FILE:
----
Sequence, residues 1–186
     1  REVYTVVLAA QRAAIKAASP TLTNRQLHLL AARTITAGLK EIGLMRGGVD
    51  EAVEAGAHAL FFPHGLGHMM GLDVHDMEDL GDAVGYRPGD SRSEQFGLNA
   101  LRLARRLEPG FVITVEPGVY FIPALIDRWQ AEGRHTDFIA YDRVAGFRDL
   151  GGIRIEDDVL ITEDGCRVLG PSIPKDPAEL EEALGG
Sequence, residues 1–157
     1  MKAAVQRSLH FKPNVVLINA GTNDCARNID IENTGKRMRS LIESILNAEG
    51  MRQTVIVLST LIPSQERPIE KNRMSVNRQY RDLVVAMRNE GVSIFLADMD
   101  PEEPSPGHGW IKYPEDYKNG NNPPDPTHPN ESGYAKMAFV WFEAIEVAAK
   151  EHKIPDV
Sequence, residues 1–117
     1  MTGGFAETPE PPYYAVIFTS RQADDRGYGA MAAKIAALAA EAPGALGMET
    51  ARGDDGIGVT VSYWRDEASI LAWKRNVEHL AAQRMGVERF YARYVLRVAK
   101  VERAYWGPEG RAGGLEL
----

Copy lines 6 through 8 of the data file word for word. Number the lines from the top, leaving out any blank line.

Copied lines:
Sequence, residues 1–157
     1  MKAAVQRSLH FKPNVVLINA GTNDCARNID IENTGKRMRS LIESILNAEG
    51  MRQTVIVLST LIPSQERPIE KNRMSVNRQY RDLVVAMRNE GVSIFLADMD